Last time, we covered how and why to write readmes worth reading, which focused on writing documentation for new users of your software. This time, we’ll cover best practices for documenting projects for teams, collaborators, and volunteers.
First, why should you document your project at all? You’ve already got a good readme, so what else is there? Readmes are good entry points for users and consumers, but folks contributing code to your project need more information to collaborate effectively. It’s not enough that a contributor know how to use the library. They need to understand how the code they contribute will be judged and scrutinized. Folks new at programming will want direction when you won’t have the time to give it, even though their added effort will be critical to the project’s growth and success.
The bottom line is, at some point, other humans will want to modify your code. Project documentation makes that painless for all involved.
So, how does one write good docs?
First, make clear where to find anything related to collaboration. Like what?
- How to find tasks good for new contributors, like simple bugs, documentation errors, bad tests. For folks who want to help but don’t know where to start, such as folks new to open source, these practices are invaluable.
- How to communicate with the project’s maintainers and other contributors. Do you have an IRC channel? Email list? Backup internet powered by pigeons? List where to find these resources, and what they’re used for.
- How to file bugs, issues, and feature requests. How should folks let the team know something broke, or isn’t up to snuff?
- How to contribute code. If you use GitHub, do you use the Big Green Merge Button? Do pull requests require a +1, consensus, or the favor of the stars?
- How to set up your development environment for contributing to the project. (This may be very different from normal installation, so highlight any differences)
- How contributors should indicate their involvement. Whether your project uses an AUTHORS file or the contributors field of package.json to list folks who have written code for it, point it out, and let folks know to add themselves, to recognize their effort.
Python Requests’ contributors section handles most of these up front, and the project’s issues and pull requests demonstrate a vibrant discourse evaluating problems and solutions. But, once you’ve listed resources, how do you make sure they’re used properly?
How do you make sure contributions don’t… suck?
The first step to creating a safe space is to lay ground rules. Let folks know what’s acceptable, what’s not, and then enforce it. This is common practice in social justice, and as a trans woman it makes the difference for what events and committees I will and won’t attend and condone. It’s the same in programming: set expectations, and everyone will be happier.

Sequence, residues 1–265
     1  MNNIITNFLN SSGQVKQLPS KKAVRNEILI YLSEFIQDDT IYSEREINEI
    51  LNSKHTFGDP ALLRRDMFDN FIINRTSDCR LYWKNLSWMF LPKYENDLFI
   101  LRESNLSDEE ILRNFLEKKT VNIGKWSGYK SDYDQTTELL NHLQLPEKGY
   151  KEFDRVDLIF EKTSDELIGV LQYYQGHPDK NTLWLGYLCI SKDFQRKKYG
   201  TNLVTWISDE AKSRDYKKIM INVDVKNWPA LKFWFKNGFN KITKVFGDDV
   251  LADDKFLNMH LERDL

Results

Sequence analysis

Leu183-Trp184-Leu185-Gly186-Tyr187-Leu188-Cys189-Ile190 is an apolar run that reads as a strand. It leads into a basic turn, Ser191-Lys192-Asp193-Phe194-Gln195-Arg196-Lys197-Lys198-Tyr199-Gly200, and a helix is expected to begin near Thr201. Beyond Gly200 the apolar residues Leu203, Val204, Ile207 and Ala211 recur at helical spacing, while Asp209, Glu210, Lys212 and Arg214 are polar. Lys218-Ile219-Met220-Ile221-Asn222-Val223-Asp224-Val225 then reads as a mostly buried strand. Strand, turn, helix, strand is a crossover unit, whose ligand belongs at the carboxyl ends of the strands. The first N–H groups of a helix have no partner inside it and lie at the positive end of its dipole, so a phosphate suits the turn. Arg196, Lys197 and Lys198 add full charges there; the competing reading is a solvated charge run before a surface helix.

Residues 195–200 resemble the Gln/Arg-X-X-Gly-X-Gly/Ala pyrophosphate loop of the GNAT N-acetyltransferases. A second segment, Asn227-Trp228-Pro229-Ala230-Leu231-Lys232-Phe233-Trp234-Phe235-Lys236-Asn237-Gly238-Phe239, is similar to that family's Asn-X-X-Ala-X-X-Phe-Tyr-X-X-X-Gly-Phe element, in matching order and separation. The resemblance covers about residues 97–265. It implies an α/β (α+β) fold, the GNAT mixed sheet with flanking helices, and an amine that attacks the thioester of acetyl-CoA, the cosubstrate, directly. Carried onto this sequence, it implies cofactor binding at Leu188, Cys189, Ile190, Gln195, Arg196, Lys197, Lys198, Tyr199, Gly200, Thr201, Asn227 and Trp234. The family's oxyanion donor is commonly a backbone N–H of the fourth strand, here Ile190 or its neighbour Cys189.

When folks come on to a project, whether as volunteers or employees, let folks know not just where to find things, but what’s expected of their contributions and of them as contributors.
- For code contributions, are tests required?
- What are the project’s style and whitespace norms?
- How does the project team make decisions?
- What constitutes a minor version change, or a major one?
- Whose responsibility is it to update the readme or API reference when features change?
Node.js’s Contributing for Dummies walks newcomers through every last step of submitting a code change for review, and sets expectations about the difficulty of getting code through review:
Don’t get discouraged. Node is held to high standards, and it can take months to begin to feel comfortable with how the workflow operates and why things are done the way they are. Jump on IRC. Chances are someone is there ready to help.
Statements like “Don’t get discouraged” illustrate the priorities of your project, and how you value the people working on and using the code relative to the code itself. Setting expectations is as much about helping contributors write better code as it is about helping people treat one another right. For bad examples, see Linus Torvalds, all the time.
Sounds like a lot of work…
As your project’s community grows, the primary function of documentation shifts from on boarding contributors to community management. High-quality project documentation will help your community grow faster, but will also be unnecessary until your community gains traction. If your team is you and a close buddy, you probably won’t need to spend a lot of time talking about structuring community norms to maximize contributions and prevent burnouts. But if you want your project to grow beyond you and your buddy, you’ll need to put in the time to make coming aboard not merely effortless, but joyous.